and Submitted March 17, 2017 San Francisco, California
from the United States District Court for the Northern
District of California, D.C. No. 3:95-cr-00227-TEH-1 Thelton
E. Henderson, District Judge, Presiding
D. Neal (argued), Neal & Associates, Oakland, California,
C. Reagin (argued), Assistant United States Attorney; Sara
Winslow, Chief, Civil Division; Brian Stretch, United States
Attorney; United States Attorney's Office, San Francisco,
California; for Plaintiff-Appellee.
Before: Richard C. Tallman and Paul J. Watford, Circuit
Judges, and Louis Guirola, Jr., [*] Chief District Judge.
panel affirmed the district court's decision that a writ
of continuing garnishment attaches to a beneficiary's
interest in discretionary support trusts, in a case in which
the beneficiary, Michael Harris, owes restitution ordered
following his 1997 conviction.
panel held that Harris's interest in the trusts, which
were established by his parents for his support, qualifies as
"property" under 28 U.S.C. §§ 3002(12),
3205(a) and 18 U.S.C. § 3613(c). The panel wrote that
because Harris has a right to receive distributions under
California law, his interest in the discretionary trusts is
not a mere expectation; that his disclaimer of his interest
in the trusts does not prevent the attachment of the writ of
garnishment; and that the trusts' spendthrift clauses do
not protect the trusts' assets from the enforcement of a
that the government is not attempting to compel distributions
from the trusts, the panel wrote that any current or future
distributions from the trusts to Harris shall be subject to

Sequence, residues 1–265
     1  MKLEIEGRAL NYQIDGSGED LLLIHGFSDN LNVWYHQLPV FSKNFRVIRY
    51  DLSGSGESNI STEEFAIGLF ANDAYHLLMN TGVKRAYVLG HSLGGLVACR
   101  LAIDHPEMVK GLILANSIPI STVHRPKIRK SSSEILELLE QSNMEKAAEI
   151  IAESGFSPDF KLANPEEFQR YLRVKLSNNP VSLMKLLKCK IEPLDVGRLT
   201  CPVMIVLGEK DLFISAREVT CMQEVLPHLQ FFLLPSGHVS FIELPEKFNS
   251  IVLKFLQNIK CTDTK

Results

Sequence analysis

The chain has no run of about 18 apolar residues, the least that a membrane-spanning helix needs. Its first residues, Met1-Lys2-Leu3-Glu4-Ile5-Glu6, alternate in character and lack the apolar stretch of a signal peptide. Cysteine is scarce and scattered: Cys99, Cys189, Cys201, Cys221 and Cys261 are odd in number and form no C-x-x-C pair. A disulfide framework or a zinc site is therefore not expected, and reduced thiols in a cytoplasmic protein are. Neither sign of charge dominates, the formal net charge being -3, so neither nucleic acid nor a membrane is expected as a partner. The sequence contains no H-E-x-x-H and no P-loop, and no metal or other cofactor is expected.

the continuing writ of garnishment until the restitution
judgment is satisfied.
1997, Michael Harris was convicted of eight federal criminal
counts related to theft from an employee benefit plan. He was
sentenced to 30 months in prison and ordered to pay $646, 000
in restitution. He has paid only a small fraction of that
amount. The government later learned that Harris is a
beneficiary of two irrevocable, discretionary trusts
established by his parents for his support. In 2015, the
government applied for a writ of continuing garnishment for
any property distributed to Harris from the trusts.
See 28 U.S.C. § 3205(a). The trustees
opposed the application on the ground that Harris had
disclaimed his interest in the trusts, with the exception of
several checking and investment accounts. The district court
granted the writ and ordered the trustees to pay to the
United States all current and future amounts distributed to
Harris under the trusts.
jurisdiction under 28 U.S.C. § 1291 and must decide
whether a writ of continuing garnishment may attach to a
beneficiary's interest in a discretionary support trust.
We review the district court's legal conclusions on this
issue de novo. See Lim v. City of Long Beach, 217
F.3d 1050, 1054 (9th Cir. 2000).
begin with the procedure for identifying property subject to
federal writs of garnishment. A federal restitution order is
"a lien in favor of the United States on all property
and rights to property" as if the liability were for
"a tax assessed under the Internal Revenue Code of
1986." 18 U.S.C. § 3613(c). In examining the
statutes that govern tax liens, as we must do here, the
Supreme Court has noted that Congress used broad language so
as "to reach every interest in property that a taxpayer
might have." United States v. Nat'l Bank of
Commerce, 472 U.S. 713, 720 (1985). "Property"
subject to garnishment under these statutes "includes
any present or future interest, whether legal or equitable,
in real, personal (including choses in action), or mixed
property, tangible or intangible, vested or contingent,
wherever located and however held (including community
property and property held in trust (including spendthrift
and pension trusts))." 28 U.S.C. § 3002(12). In
determining whether a property right falls within this
definition, "the important consideration is the breadth
of the control ...